Even though you believe it, avoid the bad habit of responding with "I know how you feel." You see this conversation play out constantly in movies and on TV. The reaction is generally, "No you don't!", which can happen to you when you make this judgement, so don't ever do it. It is a bad response and unnecessary.

Remember, your objective is to determine their state of mind. You want to get an idea of their frustration, anxiety, fear, whatever. If you can put a word to it, you can understand enough about what they are going through. In any situation that has to do with a global event or a major world disruption, you may have project team members in the depths of despair facing tremendous obstacles or at the heights of elation after surmounting obstacles.

If you are not be good in these difficult, fraught conversations, you can prepare to show you are empathetic by having “framed” responses in your mind. For example:

  • That must have been frustrating
  • You must be anxious at not knowing anything
  • Sounds like you went through a scary time
  • You must be happy to not have that problem any more

Notice how each one of these responses carefully puts a description on what the other person is experiencing. That shows you received the message and is comforting for the team member.

 

Avoid "Action Statements" Generally

Being a good listener does not mean that you have to act on anything. In fact, focusing your response on actions rather than empathy typically takes away from the benefits of empathy and interferes with your ability to determine state of mind.

 

Instead, Suggest Actions Via Questions

Here are some examples of where you would be an effective listener and leader by asking questions related to state of mind:

  • Do you need time off to deal with the health of your child?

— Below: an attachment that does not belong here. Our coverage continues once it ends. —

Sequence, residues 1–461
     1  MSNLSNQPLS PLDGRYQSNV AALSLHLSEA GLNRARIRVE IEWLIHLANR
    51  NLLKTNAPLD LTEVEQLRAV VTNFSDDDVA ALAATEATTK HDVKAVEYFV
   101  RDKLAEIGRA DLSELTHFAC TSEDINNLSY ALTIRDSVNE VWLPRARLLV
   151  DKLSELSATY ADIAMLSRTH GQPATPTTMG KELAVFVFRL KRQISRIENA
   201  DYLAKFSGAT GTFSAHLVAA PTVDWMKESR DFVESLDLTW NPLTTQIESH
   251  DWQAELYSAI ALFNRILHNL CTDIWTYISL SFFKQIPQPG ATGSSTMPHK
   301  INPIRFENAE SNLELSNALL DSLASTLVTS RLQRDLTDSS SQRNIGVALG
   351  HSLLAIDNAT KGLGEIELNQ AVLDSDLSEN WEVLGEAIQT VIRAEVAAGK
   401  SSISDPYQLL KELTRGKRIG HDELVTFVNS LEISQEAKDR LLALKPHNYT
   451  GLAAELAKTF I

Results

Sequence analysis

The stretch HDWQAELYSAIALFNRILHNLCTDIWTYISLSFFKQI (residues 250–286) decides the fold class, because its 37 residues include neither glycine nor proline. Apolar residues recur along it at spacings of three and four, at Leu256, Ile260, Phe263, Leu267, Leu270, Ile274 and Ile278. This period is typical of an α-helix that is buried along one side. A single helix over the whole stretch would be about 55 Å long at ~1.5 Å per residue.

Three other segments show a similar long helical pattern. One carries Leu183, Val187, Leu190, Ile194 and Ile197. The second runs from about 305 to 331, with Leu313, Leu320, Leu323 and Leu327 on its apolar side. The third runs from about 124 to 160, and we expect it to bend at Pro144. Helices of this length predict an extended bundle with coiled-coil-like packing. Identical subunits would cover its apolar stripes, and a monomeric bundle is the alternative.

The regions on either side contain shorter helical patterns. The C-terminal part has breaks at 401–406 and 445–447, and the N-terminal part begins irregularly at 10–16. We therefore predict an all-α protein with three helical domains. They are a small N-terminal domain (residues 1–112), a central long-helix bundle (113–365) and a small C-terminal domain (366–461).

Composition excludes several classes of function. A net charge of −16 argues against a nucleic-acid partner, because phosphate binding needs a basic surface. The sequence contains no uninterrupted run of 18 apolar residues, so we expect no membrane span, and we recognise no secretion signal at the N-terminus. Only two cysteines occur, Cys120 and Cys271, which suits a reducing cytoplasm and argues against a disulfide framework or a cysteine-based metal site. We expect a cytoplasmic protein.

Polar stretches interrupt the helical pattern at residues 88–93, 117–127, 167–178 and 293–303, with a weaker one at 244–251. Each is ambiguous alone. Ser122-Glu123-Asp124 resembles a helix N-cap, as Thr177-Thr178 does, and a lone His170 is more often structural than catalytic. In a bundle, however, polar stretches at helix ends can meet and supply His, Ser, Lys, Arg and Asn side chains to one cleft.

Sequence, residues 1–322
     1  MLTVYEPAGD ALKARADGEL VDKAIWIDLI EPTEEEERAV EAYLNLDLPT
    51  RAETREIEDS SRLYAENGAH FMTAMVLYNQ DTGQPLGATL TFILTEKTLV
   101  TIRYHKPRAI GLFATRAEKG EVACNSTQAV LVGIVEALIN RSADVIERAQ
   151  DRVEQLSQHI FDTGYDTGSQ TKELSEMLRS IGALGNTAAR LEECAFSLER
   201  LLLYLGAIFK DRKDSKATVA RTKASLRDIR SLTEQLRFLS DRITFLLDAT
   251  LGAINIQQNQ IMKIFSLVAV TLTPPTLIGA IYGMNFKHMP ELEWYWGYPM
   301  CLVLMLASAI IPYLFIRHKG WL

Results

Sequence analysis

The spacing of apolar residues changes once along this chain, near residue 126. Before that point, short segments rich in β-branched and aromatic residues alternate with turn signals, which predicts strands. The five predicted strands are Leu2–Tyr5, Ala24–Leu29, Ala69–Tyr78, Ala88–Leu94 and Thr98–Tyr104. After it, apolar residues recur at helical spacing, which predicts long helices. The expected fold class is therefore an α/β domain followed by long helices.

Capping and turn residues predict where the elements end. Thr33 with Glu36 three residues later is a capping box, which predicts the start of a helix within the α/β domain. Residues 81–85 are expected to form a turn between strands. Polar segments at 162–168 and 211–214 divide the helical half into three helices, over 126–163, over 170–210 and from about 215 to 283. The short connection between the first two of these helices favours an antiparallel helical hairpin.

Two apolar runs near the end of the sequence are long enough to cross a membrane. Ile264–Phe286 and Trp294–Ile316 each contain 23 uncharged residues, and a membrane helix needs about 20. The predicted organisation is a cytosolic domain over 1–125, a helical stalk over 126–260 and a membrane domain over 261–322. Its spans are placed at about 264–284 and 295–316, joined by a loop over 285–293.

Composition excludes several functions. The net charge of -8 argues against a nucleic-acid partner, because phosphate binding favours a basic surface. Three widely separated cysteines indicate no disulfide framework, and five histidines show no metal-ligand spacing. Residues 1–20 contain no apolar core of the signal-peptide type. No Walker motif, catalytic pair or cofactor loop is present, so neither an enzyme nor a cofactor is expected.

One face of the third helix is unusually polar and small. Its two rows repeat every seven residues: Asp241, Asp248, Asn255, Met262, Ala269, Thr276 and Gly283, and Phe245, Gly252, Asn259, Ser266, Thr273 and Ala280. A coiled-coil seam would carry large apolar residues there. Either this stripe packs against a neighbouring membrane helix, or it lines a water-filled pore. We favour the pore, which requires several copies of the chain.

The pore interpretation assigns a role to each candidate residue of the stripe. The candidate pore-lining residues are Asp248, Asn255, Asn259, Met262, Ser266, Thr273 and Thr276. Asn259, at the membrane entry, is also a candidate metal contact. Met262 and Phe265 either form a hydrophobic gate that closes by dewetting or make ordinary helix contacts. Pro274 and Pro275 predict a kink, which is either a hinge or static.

• Do you need time off to calm yourself?
  • Do you need to know when the project will be re-starting or what the business plans are?
  • Do you need help to shift to a different location to work?
  • What do you need now most of all?

These are just examples of where you can make it easier for the project team member while making the individual more comfortable or less anxious. Those are actions of a good leader.

 

In Part 2, more techniques will be described to become a better leader this way along with links to related articles.

Posted on: May 20, 2020 08:47 PM | Permalink

Comments (6)

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Good read. Waiting requires patience. That can be very difficult in a project environment.

Thank you for sharing!

Very interesting., thanks for sharing

Great article, thank you for sharing. Listening skills provides with great power. For instance, they are a game-changer for introverts who might not feel comfortable speaking up during meetings or group discussions.

Being an effective listener is a difficult skill to learn, but highly valuable. Exemplifying empathy is a crucial skill of a good leader.

listening is the key to better decision making.with poor listening skills it pushes poor judgement and unsatisfactory decision making.great article there